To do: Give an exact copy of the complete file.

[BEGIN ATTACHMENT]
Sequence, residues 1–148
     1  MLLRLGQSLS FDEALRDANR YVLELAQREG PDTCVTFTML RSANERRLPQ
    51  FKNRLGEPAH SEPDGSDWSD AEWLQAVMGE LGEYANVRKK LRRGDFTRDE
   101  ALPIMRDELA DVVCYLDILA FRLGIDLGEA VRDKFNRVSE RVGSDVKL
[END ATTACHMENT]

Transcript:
Sequence, residues 1–148
     1  MLLRLGQSLS FDEALRDANR YVLELAQREG PDTCVTFTML RSANERRLPQ
    51  FKNRLGEPAH SEPDGSDWSD AEWLQAVMGE LGEYANVRKK LRRGDFTRDE
   101  ALPIMRDELA DVVCYLDILA FRLGIDLGEA VRDKFNRVSE RVGSDVKL